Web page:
Today I explored outward from Salisbury; only a mile or so, on a dulled afternoon. Most of the houses are bog-suburb-council-house-bungalow, with a few oldies still wedged in among.
Eking out brick with flint is a real Wiltshire ploy; pity about the tactless street furniture.
The basic cottage underneath is probably old, but the excessive grooming makes it look like something from a film lot – as if it is thatched with plastic rather than reed or straw.
The church also shows a traditional mixture of materials – fairly recent by church standards, but may be sitting on older foundations. I gave a black mark because it was locked at 2.30 pm – but maybe the local vandals are chronic.
Then this rather forbidding building. I would be hard put to say why it would look completely alien in my own home territory – something to do with the colour of the brick, and perhaps the roof line. Judging by the numerous revisions, this one has been around for a while.
This peach of the vernacular shows classic flint chequerwork in its lower portion; not sure if the dressed stones are very dirty chalk or, as I suspect, greensand (of sentimental memory).
How do you know you have knitted half a ball of wool when you have no accurate scales? Like this …
I wandered into town looking for such comestibles as were necessary for dinner. Being perverse, charity shops were my first destinations, to pick out a couple of books – standbys in this bookless house.
With even greater perversity, the Hunt for the Teapot took over the morning. Charity shops failed me on this one. A fearfully cute little pot I found in one place must, on closer inspection, have been given to the charity shop because, at any attempt to use it, the lid would have dropped out and showered the user with scalding tea. The Hunt took me to supermarkets, cheap shops, ironmongers and at last an expensive cookware shop; where I found a gratifying bargain and concluded the Hunt.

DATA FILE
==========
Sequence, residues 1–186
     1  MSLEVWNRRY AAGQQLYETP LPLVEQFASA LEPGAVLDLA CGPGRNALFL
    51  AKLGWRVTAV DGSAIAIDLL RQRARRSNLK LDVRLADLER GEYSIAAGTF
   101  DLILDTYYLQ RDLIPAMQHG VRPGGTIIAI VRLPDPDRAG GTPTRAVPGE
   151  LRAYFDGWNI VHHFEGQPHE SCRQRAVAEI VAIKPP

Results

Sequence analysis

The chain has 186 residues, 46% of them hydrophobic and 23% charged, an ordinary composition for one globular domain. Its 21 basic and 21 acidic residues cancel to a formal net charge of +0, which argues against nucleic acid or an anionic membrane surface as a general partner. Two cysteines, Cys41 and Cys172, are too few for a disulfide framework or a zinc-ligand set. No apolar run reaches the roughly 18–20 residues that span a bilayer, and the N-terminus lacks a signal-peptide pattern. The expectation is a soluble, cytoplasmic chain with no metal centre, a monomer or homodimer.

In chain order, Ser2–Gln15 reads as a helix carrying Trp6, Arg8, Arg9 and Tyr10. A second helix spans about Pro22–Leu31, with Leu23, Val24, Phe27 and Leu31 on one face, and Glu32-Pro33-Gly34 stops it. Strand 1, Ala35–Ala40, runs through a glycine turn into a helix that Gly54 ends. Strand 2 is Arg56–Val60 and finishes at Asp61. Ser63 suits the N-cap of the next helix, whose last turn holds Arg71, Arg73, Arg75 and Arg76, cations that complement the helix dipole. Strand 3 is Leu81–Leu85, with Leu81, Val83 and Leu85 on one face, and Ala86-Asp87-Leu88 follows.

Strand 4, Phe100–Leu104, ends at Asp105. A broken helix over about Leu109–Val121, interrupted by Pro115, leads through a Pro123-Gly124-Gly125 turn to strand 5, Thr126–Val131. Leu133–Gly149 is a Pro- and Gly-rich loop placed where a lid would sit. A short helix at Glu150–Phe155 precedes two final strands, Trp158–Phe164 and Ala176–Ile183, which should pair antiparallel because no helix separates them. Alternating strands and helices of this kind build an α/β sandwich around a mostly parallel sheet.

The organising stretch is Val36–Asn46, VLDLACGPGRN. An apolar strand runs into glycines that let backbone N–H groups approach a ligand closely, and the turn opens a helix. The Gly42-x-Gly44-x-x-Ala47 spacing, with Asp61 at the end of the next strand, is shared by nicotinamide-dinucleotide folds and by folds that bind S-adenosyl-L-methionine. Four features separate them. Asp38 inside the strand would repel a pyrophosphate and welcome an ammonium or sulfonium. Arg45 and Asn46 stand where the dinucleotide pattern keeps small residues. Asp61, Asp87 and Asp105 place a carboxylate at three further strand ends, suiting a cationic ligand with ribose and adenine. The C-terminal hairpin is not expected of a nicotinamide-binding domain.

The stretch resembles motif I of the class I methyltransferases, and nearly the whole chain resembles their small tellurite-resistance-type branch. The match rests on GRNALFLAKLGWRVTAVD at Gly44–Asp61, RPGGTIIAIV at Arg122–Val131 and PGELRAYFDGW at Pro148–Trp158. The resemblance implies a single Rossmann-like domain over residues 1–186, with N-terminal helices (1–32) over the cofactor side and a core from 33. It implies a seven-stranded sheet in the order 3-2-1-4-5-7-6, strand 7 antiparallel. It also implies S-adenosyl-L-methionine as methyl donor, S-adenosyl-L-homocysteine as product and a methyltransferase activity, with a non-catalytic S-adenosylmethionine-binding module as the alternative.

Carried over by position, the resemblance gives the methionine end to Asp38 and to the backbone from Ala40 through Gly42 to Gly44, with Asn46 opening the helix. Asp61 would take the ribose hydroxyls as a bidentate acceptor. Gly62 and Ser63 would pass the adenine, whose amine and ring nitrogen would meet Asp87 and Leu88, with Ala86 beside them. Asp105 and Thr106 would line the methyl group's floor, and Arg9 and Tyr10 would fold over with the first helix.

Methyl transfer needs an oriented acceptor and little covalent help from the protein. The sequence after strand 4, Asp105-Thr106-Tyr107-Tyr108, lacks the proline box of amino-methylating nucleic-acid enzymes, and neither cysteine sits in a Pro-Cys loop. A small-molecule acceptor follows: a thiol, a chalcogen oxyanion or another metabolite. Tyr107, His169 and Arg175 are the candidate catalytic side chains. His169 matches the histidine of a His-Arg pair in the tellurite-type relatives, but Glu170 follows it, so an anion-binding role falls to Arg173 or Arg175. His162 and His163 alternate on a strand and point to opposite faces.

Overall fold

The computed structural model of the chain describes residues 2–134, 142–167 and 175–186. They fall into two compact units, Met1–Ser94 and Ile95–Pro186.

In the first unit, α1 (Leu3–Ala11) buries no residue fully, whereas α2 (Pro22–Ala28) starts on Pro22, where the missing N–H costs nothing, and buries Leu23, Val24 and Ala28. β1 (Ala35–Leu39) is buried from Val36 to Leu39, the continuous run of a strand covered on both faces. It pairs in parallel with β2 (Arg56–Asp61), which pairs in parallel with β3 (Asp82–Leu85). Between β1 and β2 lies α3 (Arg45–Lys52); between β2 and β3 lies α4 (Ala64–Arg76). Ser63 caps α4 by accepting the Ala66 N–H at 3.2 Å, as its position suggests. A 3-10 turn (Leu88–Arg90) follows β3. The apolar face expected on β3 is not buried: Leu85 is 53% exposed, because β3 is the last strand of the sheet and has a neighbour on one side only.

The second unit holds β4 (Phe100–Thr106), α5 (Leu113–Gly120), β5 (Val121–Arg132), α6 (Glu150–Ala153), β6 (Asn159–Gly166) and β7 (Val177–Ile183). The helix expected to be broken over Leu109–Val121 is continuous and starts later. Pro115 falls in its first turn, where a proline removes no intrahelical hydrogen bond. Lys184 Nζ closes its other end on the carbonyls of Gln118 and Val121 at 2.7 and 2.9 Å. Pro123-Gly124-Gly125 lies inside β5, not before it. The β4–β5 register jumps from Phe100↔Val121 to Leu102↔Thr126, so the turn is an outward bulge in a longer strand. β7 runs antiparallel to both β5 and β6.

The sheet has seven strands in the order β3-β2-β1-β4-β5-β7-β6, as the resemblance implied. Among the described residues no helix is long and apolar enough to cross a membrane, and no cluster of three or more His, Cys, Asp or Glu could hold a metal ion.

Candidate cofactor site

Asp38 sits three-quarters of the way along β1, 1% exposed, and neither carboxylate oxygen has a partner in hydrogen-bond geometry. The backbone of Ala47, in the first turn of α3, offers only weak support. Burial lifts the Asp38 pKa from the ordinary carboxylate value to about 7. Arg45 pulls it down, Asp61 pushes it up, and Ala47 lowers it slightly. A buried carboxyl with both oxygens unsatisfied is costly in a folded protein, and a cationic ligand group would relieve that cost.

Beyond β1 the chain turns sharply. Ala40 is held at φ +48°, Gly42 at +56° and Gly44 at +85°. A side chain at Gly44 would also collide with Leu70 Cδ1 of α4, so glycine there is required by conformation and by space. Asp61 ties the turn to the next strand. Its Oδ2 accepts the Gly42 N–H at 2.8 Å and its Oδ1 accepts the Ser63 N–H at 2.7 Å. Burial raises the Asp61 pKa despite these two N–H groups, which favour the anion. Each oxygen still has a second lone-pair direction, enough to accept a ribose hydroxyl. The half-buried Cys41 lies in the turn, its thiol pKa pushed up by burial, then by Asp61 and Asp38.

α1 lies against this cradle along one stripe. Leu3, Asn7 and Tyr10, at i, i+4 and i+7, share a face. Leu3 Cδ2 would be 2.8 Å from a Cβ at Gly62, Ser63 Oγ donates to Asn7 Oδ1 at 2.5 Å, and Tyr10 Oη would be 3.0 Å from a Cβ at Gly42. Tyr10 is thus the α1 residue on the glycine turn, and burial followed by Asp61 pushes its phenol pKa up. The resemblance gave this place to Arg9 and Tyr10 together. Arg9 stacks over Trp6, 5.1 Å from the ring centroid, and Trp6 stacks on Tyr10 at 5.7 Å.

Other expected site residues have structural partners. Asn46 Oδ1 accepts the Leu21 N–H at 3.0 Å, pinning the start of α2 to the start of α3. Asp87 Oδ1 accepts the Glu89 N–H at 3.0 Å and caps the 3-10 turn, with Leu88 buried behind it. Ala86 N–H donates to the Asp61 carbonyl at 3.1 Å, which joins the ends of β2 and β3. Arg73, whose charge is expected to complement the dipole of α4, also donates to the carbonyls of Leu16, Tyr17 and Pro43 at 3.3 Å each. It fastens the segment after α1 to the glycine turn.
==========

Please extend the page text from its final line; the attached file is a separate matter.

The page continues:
The teapot, though not glamorous in any way, asserted its symbolic value as soon as I got back. And I am already becoming intimate with the tablecloth.
After a long and busy day, involving public transport (including taking the same bus twice), signatures, a trolley full of gubbins, sunshine (thank goodness), huge sausages for lunch, and two kind people, I have come to rest in an attic.
This is part of the route I walked this afternoon.
A river of a nondescript but pleasing kind, rather full thanks to our recent downpours:
A steepish downhill bit, feeling quite aerial above the low roadway:
And a view they don’t put on the postcards:
The experiment has begun.
Well there we were, me at the kitchen table and Fluffers underneath it. I propped my elbows in a state of inaction, while Fluffers steadily pulled out her feathers.
I discovered a curious parallel urge to pull my own eyebrows out. So far I have resisted (mostly).
… and a law unto itself. Having given mine over to the acquisition of facts, academic analysis, and sleeplessness, the arrival of a poem was unexpected. It is always fascinating to see what turns up; on this occasion there is a slightly inverted relationship to the day thoughts, as the poem is about going to sleep, but the reproachful tone is a considerable surprise.
There are a lot of people re-reading their Le Guin at the moment, and I am one of them.
Owing to my liking for frozen explorers, and The worst journey in the world, this is my favourite. Though there were distrait moments when I read the same page six times.
… which is enough for a person of a certain age, especially when quite a few of them were up hill (and equally painfully, down hill) even with some youthful assistance in the traction department.
Thus sausage and lentil soup among the distinctly original, massive and wonky half-timbering was quite a Cunning Plan, which fortified us for the main Cunning Plan. I approve automatically of any food establishment which runs its own bring-and-share book shelf, though I would probably eschew most of these titles.